It’s that time of the year again, time for another top ten albums list. The more of these I write, the more I realize how futile it is to attempt to pick ten albums to represent the year in music. This year the task was made even harder by the launch of Impossible to Say, Blake Collier’s and my music podcast. Thanks to the podcast, I listened to probably twice the amount of new music I listened to last year, which made winnowing down this year’s list an arduous task. So, without further ado, here are the albums that have impacted me the most this year—you’ll see some obvious picks, some not-so-obvious ones, and some that, surprisingly, seem to be getting no love from other top ten lists scattered about the internet.

10. To Pimp a ButterflyKendrick Lamar

While Kendrick may be running away with number one honors on the majority of lists this year, To Pimp a Butterfly just didn’t hit me as hard as his last album, good kid, m.A.A.d city. Certainly, TPAB resounds with the depth and wit I’ve come to expect from Kendrick, one of hip-hop’s most intriguing and talented personalities, but his ambition on TPAB occasionally gets the better of him, as a few tracks feel unnecessary and slow down the album’s momentum. That said, there’s no shortage of fantastic songs here, including my favorite of the year, “King Kunta,” an insanely catchy blast of funk that’s guaranteed to get your toe tapping. More significantly, TPAB enters into the current political and racial turmoil of America but does not offer easy answers or platitudes. Rather, Kendrick tries to clear a path through the fog to illuminate the people and ideas often obscured by bumper sticker sloganeering and political interests. TPAB resists easy interpretation, but the sheer intensity of the album makes one thing clear: Kendrick has things to say about racism, politics, and religion, and he’s saying them with a righteous fervor that’s impossible to ignore. For proof of this, just check out any of Kendrick’s performances from this past year—it’s impossible to take your eyes off him.

9. Sermon on the Rocks—Josh Ritter

In contrast to his last more autobiographical album, The Beast in Its Tracks, Josh Ritter returns to his storytelling roots on Sermon on the Rocks, crafting an album that touches on the complicated intersection between American culture and Christianity. Starting with the dark, brooding “Birds of the Meadow,” Sermon on the Rocks grows increasingly joyful, as Ritter makes his way through the backwoods and open fields of America, weaving tales of glory and mistakes, nostalgia and beauty. A few songs combine all these elements into near perfect bursts of Americana: the rollicking “Cumberland,” an ode to the blue skies and open air of the country, and “Homecoming,” a slow-burning tune that calls forth images of late nights and sunsets spent with a youthful love. But none of these compare to “Getting Ready to Get Down,” Ritter’s ballad of a girl who comes back from Bible school with a different kind of experience than her parents expected. A rousing honkytonk romp, “Getting Ready to Get Down” indicts the idea that legalism will create good behavior, with some of the best lyrics of the year in its bridge: “To really be a saint, you gotta really be a virgin/ Dry as a page of the King James version…Just turn the other cheek, take no chances/ Jesus hates your high school dances.”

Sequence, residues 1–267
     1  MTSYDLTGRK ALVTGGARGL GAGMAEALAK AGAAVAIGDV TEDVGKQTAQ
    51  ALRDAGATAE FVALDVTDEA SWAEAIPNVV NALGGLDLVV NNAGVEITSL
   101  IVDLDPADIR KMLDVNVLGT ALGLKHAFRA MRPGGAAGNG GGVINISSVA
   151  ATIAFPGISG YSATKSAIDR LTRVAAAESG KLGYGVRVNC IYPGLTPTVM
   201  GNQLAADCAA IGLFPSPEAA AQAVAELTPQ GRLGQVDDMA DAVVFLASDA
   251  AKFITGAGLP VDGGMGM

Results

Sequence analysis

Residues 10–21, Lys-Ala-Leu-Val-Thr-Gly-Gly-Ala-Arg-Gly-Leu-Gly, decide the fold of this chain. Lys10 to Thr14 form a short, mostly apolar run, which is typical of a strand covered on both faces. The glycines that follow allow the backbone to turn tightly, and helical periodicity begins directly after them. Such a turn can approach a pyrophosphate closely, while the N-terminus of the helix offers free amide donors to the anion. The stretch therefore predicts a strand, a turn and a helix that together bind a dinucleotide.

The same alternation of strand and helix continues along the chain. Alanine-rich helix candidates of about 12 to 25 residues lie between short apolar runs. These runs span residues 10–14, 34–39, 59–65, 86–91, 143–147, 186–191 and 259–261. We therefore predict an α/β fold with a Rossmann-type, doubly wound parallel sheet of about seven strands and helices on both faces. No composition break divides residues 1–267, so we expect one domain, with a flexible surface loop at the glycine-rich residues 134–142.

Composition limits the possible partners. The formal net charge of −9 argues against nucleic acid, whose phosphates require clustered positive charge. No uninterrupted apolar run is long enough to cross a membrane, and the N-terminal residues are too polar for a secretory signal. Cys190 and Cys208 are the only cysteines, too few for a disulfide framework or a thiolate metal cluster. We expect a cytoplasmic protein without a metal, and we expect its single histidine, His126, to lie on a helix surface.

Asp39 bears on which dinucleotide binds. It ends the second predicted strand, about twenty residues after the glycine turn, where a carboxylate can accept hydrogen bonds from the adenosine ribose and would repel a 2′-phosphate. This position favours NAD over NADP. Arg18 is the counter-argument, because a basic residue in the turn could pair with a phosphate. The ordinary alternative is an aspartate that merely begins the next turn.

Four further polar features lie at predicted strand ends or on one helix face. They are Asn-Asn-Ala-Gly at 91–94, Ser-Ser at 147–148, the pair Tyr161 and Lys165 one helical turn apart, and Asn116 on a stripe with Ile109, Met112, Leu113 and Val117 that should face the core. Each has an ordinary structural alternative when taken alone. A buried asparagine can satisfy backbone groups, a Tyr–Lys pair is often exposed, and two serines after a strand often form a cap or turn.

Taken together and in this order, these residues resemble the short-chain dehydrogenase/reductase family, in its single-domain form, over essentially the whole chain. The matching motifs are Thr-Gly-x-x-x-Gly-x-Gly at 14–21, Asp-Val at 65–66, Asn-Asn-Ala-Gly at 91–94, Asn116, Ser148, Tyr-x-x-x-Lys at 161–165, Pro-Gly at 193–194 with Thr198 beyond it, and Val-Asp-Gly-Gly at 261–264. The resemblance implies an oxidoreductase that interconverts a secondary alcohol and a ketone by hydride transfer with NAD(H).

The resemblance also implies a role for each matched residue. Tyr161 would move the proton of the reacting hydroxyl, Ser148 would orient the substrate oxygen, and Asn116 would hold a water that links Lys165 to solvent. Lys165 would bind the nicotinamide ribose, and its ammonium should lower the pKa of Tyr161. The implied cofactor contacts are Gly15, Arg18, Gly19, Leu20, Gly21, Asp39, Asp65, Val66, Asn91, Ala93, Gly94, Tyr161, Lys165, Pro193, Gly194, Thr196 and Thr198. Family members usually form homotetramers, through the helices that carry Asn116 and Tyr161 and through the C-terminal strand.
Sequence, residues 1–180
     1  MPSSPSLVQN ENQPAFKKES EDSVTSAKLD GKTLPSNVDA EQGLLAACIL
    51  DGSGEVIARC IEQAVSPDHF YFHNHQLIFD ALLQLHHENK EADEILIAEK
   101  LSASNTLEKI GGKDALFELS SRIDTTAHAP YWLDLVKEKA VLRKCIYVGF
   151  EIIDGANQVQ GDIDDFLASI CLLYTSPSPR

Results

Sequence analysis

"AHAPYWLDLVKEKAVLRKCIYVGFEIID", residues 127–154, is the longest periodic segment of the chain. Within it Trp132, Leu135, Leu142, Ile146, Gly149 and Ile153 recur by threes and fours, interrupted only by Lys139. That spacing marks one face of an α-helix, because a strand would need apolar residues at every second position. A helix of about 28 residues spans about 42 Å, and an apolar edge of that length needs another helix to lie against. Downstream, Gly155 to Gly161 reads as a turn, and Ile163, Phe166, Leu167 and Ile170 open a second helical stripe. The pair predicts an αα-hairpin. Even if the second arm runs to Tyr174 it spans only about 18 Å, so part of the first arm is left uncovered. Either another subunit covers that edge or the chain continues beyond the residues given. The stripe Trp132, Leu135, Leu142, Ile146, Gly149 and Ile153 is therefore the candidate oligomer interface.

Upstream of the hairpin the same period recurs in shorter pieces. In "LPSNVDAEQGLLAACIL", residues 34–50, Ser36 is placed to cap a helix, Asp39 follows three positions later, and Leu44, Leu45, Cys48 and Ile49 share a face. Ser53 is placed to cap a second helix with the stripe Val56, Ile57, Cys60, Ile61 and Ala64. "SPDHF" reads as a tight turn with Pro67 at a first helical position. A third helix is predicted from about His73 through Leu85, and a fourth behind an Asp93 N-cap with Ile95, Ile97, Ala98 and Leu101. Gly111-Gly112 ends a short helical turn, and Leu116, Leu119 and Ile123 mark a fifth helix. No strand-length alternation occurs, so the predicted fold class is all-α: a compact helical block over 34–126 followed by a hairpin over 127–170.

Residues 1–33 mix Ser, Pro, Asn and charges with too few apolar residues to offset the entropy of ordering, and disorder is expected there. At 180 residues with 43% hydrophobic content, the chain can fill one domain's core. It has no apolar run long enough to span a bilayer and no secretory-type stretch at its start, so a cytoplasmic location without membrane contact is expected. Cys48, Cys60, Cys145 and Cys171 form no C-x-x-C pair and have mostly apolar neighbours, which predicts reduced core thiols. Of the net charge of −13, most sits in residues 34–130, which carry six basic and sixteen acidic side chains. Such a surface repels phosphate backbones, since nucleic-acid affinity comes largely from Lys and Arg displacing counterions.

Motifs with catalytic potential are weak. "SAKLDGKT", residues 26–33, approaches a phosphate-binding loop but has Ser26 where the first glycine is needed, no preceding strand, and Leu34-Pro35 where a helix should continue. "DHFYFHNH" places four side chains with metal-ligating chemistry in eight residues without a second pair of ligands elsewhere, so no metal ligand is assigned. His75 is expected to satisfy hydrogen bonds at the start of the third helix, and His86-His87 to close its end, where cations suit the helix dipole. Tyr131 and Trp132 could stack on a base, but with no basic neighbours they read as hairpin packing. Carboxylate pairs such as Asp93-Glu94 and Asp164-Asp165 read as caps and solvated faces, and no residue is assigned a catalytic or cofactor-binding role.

8. Bazan Monthly Vol. 2—David Bazan

After last year’s stellar Bazan Monthly Vol. 1, I was very excited for Bazan’s second installment in the series, which began with two songs in January and continued with two more songs each month until May. While Vol. 2 does not quite reach the heights of Vol. 1, it is another solid collection of songs that rewards repeated listening. Musically, Vol. 2 continues what Vol. 1 started, blending Bazan’s low-key indie rock with electronic elements to create a varied soundscape for Bazan’s lyrical musings. These, of course, are also typical Bazan, touching on relationships and religion with a vulnerability that most lyricists cannot pull off. The subjects on Vol. 2 vary from Bazan’s achingly melancholic take on marriage on “Here We Are” to his rejection of Pascal’s Wager on “Someone Else’s Bet.” Yet, among all these ruminations on the sadness and difficulty of life, Bazan, as he tends to do, highlights some amazing truth on “Animals.” Driven by a tense acoustic guitar riff, “Animals” delivers some cutting lyrics halfway through its running time: “Delusion all but covers up/ Hiding from the light in our superstitious clubs/ The Kingdom’s all around you, dear/ It was never somewhere else, always right here.” With just a few lines of lyrics, Bazan reminds us all to look for the Kingdom everywhere…if we do, we just might find it when we least expect.

7. Harmlessness—The World is a Beautiful Place & I Am No Longer Afraid to Die